By JOSEPH SPECTOR
Albany Bureau Chief
ALBANY - The state Senate has yet to act on legislation that would make clear that taxpayer-funded pensions are public information.
The Assembly recently passed the bill after a state appeals court ruled last October that a New York City police pension fund was off limits to the public. The court ruling led other pension funds, including the state Teachers' Retirement System, to not release the names of retired public employees receiving pensions.
Lawmakers have sought to clarify the law to ensure that the names of pension recipients and the amount they receive are public.
But the measure appears stalled in the Senate. The legislative session ends Thursday.
"The committee is not scheduled to meet again, and I haven't had any requests to move the bill," said Sen. Carl Marcellino, R-Nassau County, who heads the Senate Investigations Committee where the bill sits.
Scott Reif, a spokesman for Senate Republicans, said the bill is still under review.
The Empire Center For New York State Policy, a fiscally conservative group based in Albany, has sued for the police pension information for its searchable online database of salaries and pensions, at www.SeeThroughNY.net.
But its request was rejected by the pension fund and upheld in both state Supreme Court and the appellate division.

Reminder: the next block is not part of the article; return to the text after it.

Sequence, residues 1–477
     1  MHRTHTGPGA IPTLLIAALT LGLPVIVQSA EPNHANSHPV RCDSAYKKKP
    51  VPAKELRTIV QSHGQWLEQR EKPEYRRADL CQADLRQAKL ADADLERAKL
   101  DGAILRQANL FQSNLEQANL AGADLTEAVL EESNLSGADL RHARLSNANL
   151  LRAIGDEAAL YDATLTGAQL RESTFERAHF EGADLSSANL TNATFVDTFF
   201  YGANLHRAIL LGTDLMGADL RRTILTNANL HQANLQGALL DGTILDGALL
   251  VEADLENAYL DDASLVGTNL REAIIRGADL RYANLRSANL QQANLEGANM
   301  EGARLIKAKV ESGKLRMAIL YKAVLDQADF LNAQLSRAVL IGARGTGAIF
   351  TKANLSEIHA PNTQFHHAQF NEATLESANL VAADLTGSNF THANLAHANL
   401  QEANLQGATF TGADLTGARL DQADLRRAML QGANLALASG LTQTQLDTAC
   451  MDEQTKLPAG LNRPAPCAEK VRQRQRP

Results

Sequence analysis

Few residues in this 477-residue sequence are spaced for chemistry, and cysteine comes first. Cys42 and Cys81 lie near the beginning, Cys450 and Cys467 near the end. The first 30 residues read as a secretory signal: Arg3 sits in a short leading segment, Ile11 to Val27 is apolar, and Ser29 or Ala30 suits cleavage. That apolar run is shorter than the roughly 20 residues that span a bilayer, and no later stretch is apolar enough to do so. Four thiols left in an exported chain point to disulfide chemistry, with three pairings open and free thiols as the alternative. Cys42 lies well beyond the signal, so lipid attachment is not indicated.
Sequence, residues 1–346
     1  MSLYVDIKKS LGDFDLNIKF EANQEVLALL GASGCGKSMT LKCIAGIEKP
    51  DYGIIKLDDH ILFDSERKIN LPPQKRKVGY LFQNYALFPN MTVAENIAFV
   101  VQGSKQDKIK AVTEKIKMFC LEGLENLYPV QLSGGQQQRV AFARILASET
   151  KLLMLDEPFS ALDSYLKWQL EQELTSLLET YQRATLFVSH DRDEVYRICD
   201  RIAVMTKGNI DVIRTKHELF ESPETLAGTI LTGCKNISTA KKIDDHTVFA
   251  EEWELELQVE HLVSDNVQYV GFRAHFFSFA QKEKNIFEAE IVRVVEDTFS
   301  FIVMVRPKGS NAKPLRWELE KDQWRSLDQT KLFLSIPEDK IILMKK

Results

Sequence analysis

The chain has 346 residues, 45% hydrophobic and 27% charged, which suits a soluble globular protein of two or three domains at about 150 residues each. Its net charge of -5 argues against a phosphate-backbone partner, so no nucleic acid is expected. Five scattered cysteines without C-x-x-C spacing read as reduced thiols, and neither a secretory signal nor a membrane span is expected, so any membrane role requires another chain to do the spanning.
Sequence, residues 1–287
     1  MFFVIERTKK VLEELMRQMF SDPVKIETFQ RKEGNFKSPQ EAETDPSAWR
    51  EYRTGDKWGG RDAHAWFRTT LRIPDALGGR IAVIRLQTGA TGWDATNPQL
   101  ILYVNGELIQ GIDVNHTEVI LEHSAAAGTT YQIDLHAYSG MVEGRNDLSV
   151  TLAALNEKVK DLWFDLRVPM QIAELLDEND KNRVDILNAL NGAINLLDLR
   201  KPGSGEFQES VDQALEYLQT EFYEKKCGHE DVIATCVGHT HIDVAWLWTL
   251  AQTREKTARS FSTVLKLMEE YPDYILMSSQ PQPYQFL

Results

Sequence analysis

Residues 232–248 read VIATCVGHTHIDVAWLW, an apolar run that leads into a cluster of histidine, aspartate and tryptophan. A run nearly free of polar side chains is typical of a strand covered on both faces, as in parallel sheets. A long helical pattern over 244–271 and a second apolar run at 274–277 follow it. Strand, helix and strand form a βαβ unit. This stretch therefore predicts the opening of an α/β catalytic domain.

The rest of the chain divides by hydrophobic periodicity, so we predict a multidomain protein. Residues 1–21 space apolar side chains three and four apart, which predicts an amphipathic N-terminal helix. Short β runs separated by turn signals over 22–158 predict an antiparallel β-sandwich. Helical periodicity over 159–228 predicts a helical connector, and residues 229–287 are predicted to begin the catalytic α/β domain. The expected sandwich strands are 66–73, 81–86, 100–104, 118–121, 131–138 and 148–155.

A new law would clarify that the pension data should be public, said E.J. McMahon, the group's senior fellow.
"The sooner it's clarified the sooner we have information that is being denied to us," he said.
The state Committee on Open Government has indicated that the pension data should be public. The court appeared to confuse making spousal pension benefits public compared to recipients' benefits, the committee has said.
Current law excludes pension beneficiaries -- spouses of pension recipients, for instance -- from having their names released. But the exemption doesn't apply to pension recipients' names, supporters of the change have said.
The bill, as a result, seeks to better define "retiree" and "beneficiary" as it relates to the state's Freedom of Information law.
"We worked with the Committee on Open Government to clarify the law to conform to the original intent of the disclosure statute," said Michael Whyland, a spokesman for Assembly Speaker Sheldon Silver, D-Manhattan.
Major news organizations in New York, including Gannett Co. Inc., filed an amicus brief last December in support of the Empire Center's case. News outlets, including Gannett, regularly report on the pensions of public employees.